the streets, men below the windows, several on the roof. All were told to stay out of line of sight and let their surveillance equipment do the watching for them. Once he felt secure, he waved Paul over.
"I'm going in unarmed, to talk to him. I'll do my best for your family, I swear."
Paul just shook his head. "We should hurry," he said. "I told him I'd be back."
He positioned two teeps and two normals at the base of the stairs, then let Paul lead him to the lift. There were eight of them in all: Paul, Garibaldi, Thompson, Bjarnesson, another teep named Davis, and three special-ops policemen armed for bear.
He tried not to pause when they reached the door and the others took their positions. Then, screwing up his courage, he knocked.
"Who is it?" A woman's voice.
"Police Inspector Girard," he answered, in a loud voice. "I'm unarmed. I'd like to talk to Alfred Bester, please."
A pause of several heartbeats followed before she answered.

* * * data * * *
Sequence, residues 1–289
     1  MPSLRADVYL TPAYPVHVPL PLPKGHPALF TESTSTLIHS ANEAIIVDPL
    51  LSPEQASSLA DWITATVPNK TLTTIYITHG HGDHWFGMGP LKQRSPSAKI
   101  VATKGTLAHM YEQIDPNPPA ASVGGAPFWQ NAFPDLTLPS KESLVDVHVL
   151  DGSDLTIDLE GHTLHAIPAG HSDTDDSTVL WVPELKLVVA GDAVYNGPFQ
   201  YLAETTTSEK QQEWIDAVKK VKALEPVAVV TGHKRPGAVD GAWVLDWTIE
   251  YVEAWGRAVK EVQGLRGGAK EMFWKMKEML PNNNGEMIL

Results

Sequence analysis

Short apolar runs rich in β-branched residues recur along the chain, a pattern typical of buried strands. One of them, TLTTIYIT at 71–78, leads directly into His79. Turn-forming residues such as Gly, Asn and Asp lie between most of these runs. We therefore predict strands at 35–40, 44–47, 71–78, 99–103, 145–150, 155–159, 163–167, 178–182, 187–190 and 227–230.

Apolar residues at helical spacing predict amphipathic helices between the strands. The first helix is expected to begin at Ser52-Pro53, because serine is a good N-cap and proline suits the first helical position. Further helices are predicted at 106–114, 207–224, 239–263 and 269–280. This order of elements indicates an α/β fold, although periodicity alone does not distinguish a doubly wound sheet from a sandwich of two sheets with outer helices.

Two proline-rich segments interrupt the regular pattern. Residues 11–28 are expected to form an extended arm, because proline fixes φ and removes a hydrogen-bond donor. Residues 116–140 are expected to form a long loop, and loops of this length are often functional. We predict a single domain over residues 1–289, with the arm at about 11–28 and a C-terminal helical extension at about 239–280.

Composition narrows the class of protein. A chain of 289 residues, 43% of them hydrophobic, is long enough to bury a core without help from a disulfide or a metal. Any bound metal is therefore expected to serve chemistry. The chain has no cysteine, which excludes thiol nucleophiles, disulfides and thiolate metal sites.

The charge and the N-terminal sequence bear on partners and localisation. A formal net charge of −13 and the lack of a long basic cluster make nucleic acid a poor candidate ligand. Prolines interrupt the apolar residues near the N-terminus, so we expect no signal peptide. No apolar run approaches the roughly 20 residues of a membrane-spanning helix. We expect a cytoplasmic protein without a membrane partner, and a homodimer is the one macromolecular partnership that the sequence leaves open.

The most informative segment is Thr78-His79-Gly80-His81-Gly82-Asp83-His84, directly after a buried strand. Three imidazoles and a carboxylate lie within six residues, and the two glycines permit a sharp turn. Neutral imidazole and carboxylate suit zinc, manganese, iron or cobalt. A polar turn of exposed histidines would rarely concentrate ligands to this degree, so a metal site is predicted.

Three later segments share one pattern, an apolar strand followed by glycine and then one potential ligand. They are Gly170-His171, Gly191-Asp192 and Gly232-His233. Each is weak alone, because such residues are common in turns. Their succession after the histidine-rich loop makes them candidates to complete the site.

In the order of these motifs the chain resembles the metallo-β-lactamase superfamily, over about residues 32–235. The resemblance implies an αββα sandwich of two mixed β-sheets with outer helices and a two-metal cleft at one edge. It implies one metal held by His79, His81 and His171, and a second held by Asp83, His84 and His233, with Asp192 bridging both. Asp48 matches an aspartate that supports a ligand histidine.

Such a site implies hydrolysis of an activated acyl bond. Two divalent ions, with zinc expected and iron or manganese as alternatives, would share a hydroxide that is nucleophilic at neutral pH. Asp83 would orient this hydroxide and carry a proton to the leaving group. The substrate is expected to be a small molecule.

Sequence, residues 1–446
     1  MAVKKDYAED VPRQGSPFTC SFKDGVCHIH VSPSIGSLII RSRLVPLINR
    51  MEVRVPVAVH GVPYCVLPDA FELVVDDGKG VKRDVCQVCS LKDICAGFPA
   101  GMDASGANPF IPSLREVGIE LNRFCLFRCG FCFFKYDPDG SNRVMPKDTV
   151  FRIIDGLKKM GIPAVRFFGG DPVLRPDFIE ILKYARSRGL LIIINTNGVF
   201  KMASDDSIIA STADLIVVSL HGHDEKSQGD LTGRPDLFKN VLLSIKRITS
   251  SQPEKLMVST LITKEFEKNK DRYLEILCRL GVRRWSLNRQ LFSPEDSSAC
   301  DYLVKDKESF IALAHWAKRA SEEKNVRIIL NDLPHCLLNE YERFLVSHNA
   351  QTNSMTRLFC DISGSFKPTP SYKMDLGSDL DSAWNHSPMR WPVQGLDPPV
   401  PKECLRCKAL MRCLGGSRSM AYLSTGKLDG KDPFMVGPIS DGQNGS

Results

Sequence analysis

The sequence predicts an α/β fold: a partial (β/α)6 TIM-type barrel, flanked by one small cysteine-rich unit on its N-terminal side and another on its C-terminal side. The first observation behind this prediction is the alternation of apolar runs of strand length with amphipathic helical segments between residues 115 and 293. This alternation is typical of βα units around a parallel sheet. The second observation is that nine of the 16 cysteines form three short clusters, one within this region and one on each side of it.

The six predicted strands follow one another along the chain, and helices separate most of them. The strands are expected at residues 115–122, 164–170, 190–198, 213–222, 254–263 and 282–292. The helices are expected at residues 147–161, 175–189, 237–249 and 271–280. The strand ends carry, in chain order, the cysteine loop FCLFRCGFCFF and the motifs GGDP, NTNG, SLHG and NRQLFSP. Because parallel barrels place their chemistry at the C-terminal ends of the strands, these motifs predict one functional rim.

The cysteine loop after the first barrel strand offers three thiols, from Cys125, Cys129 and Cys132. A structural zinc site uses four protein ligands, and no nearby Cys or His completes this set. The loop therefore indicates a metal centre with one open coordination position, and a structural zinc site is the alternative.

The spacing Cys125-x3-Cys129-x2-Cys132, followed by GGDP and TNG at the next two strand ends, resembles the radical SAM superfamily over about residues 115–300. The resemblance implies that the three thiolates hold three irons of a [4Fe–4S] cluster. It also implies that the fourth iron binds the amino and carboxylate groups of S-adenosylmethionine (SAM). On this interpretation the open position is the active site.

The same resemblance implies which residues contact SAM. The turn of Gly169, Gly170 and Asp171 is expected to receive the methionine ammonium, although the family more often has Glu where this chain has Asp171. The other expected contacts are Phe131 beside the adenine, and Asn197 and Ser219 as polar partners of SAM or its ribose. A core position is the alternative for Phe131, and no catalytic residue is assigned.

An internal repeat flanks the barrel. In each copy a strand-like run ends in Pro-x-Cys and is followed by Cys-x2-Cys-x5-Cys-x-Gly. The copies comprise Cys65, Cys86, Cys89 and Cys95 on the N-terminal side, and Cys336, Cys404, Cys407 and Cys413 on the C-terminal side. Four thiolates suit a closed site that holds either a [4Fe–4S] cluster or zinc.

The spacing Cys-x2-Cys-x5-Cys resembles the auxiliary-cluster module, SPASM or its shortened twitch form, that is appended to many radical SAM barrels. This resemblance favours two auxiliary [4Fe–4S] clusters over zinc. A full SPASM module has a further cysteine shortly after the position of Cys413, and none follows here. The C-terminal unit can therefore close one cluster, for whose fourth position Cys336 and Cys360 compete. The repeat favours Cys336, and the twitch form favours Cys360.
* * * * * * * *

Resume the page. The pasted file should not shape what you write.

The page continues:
"The door is locked, madame," Girard said.
"I can't come to the door," the woman replied.
"It's a trap," Garibaldi hissed. "Break it down."
"I would rather use Monsieur Guillory's key."
"Oh. Yeah. Well, if you want to be lazy."
"Don't follow me in," Girard warned. He took the key and opened the door.
Guillory's wife and child sat on the couch, watching them.
"Monsieur Bester, I wish to speak to you," Girard called. He didn't see Bester anywhere. "I am unarmed, but there are armed men in the hall and surrounding the building. I want to come to some accord that will settle this without any more violence."
"He's gone," the woman on the couch said.
"What? Impossible. And if so, why didn't you answer the door?"
"He told us not to."
"But if he isn't here.